airdate 02-27-02

During The Next Generation there would be commercials for episodes where Data the android would go berserk searching for emotions. They would run some three second clip that showed him acting way out of character, and it left you thinking that his positronic net had finally snapped.

Like when he was dating that engineering girl, and had written a bunch of sub-programs dealing with proper relationships. The tag line for the ad was a shot of Data pointing at his girlfriend and yelling, "Perhaps there is something wrong with YOU!"

Very dramatic.

Vulcan males are pretty much just like human males.
But that scene was taken completely out of context. Data hadn't snapped with robot love; he was running a program to artificially cause a fight within their relationship. His research proved that making up after breaking up strengthens the couples' love. (This is not why real women start fights, however. It's not artificial -- YOU'VE DONE SOMETHING WRONG, like watched Enterprise when you should have been rubbing her feet.)

This same out-of-context commercial ran to promote this week's Enterprise, but in a much more perverse manner. As advertised, a group of emotion embracing Vulcans hop on board the Enterprise, and one of them, Tolaris, becomes involved with T'Pol. But the whole scene where they nuzzle in bed (naked as two green skinned pointed ears can get) was all a part of T'Pol's unsettling dream sequence. (And ours, but that's another story.)

Vulcan foreplay.
The boys in marketing didn't think the actual thrust of this episode was something that would run well as a commercial. The Vulcan boy Tolaris couldn't keep his passion-loving hands off of our favorite alien hottie, and he forced her into a mind meld. It was an analogy for domestic violence.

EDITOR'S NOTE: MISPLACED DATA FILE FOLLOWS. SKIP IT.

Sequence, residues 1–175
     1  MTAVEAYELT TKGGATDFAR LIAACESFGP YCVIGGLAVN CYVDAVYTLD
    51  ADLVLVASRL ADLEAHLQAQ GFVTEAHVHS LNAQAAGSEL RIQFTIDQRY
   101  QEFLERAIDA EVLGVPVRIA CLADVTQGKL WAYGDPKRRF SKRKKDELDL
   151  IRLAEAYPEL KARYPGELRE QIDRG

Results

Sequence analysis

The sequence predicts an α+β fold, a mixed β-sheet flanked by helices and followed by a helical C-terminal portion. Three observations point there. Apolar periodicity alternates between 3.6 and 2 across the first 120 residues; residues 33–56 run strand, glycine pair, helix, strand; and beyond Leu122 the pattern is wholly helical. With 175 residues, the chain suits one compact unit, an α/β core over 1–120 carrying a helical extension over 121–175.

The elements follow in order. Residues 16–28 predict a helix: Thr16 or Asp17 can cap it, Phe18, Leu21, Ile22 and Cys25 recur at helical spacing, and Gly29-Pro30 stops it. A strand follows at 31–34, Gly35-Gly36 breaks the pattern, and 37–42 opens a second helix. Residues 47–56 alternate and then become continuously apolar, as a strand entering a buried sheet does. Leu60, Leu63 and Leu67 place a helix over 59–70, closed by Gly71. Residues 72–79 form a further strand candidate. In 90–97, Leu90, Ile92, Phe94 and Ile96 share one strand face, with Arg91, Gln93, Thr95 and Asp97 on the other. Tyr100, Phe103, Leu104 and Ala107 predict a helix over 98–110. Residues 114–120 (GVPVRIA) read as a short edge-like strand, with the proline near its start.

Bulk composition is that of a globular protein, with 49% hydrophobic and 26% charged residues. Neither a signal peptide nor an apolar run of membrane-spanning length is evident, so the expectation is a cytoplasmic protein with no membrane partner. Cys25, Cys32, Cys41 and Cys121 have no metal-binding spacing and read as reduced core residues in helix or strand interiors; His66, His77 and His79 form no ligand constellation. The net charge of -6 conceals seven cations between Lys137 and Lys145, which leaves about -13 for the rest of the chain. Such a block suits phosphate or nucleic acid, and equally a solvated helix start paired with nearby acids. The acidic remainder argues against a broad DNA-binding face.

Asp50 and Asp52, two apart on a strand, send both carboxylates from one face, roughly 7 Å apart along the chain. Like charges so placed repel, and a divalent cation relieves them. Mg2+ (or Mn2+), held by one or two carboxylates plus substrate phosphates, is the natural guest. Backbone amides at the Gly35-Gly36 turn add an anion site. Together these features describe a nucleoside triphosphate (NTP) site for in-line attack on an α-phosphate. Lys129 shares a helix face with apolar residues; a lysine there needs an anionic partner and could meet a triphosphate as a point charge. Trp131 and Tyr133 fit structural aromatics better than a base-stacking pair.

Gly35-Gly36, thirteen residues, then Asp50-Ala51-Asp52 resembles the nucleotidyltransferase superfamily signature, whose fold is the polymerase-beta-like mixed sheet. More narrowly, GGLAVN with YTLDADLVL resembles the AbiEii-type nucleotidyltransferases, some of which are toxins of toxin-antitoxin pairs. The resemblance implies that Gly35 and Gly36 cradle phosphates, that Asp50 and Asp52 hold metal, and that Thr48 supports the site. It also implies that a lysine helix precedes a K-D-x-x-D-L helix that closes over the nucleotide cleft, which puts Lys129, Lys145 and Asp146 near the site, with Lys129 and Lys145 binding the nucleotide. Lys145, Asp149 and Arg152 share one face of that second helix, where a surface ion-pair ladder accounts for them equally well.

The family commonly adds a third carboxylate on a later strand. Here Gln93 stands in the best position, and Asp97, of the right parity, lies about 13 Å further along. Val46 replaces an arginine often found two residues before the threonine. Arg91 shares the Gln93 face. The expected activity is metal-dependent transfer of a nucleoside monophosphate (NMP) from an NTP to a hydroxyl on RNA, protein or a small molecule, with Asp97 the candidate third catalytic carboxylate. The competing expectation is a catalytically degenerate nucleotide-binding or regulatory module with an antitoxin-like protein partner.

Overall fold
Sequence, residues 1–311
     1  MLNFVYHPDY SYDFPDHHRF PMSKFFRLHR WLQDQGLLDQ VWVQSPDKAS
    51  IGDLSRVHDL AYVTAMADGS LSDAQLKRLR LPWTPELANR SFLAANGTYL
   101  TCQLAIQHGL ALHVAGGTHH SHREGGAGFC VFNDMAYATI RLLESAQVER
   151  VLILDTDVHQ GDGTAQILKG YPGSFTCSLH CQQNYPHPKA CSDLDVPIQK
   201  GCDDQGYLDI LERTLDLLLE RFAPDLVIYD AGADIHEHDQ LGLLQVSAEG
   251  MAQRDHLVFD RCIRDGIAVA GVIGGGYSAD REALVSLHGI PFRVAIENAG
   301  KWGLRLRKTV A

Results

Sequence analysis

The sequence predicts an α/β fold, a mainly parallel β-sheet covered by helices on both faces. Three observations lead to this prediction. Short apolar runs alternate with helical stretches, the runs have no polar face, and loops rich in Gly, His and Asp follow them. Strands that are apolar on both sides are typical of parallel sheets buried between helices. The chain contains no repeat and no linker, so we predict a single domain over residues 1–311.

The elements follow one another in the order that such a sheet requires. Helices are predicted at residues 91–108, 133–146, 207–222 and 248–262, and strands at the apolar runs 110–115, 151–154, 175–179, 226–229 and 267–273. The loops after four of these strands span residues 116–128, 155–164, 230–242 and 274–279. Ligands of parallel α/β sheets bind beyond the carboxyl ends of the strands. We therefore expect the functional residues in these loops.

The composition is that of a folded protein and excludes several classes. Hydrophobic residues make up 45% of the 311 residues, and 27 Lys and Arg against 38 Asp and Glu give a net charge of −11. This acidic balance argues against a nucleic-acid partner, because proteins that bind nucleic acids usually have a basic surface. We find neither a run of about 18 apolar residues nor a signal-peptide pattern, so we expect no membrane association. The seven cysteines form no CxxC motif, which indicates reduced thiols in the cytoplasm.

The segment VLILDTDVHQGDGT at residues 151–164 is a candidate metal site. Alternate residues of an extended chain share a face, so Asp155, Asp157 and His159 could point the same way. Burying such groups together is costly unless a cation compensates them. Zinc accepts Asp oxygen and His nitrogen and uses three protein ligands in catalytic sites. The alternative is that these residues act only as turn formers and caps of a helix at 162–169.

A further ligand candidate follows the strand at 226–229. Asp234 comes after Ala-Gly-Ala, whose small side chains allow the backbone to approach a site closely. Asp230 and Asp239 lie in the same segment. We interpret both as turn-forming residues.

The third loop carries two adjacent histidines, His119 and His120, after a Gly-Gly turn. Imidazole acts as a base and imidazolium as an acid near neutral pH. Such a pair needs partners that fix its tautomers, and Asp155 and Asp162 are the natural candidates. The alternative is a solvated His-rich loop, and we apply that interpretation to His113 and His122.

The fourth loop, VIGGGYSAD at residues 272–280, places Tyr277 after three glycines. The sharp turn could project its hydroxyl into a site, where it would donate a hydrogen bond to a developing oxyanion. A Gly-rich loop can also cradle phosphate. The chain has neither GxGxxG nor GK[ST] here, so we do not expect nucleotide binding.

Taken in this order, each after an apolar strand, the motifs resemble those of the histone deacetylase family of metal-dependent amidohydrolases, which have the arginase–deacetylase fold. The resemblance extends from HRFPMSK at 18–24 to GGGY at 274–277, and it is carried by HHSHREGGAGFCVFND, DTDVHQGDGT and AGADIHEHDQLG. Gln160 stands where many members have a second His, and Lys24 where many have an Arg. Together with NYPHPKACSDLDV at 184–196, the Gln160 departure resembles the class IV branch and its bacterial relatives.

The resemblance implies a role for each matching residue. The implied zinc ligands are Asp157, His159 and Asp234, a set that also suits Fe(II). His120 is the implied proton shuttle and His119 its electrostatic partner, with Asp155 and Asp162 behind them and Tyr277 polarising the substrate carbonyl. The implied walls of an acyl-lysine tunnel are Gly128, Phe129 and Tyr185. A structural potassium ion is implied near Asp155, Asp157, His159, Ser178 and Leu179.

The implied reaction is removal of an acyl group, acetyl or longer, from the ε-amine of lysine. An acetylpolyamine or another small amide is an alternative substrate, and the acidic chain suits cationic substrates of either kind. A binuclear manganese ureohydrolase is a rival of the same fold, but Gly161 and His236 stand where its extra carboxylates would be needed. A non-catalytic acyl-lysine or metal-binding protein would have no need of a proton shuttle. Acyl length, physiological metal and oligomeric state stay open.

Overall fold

And this is a good thing. At its best, Star Trek has been about the heavy issues. The original series is revered for having slipped by censors with storylines about race, prejudices and tribble abuse. On TNG, we saw Riker fall in love with an alien that lived in a uni-sex world, an analogy for gay rights. Deep Space Nine dealt with repression, and even had a running story line where Avery Brooks was a black writer in the early 1930's.

Bush and Cheney make cameo appearances.
Heavy issues are what the franchise is built on, not naked Vulcans rolling around in their quarters. Not to say there hasn't been an excuse or two made to attract more 18-35 year old males. Seven of Nine, Jadzia Dax, and of course, Deanna Troi - in the later seasons when she was wearing her Starfleet uniform.

But there were never shots of Troi's chest running as ads. The boys over in marketing need to start watching the episodes they promote, and actually advertise what we see. Because if we want to get off on naked Vulcans there are plenty of places on the Internet, starting with Everythingispointed.net, moving on to NakedVulcanGirlies.com, and FanboyPlanet Editor Michael Goodson's side project, TPolsPanties.com, though really, we could all probably do without seeing him in Vulcan underwear.

Hmm. Okay. I'll take the disturbing dream sequence instead.

Kevin Miller

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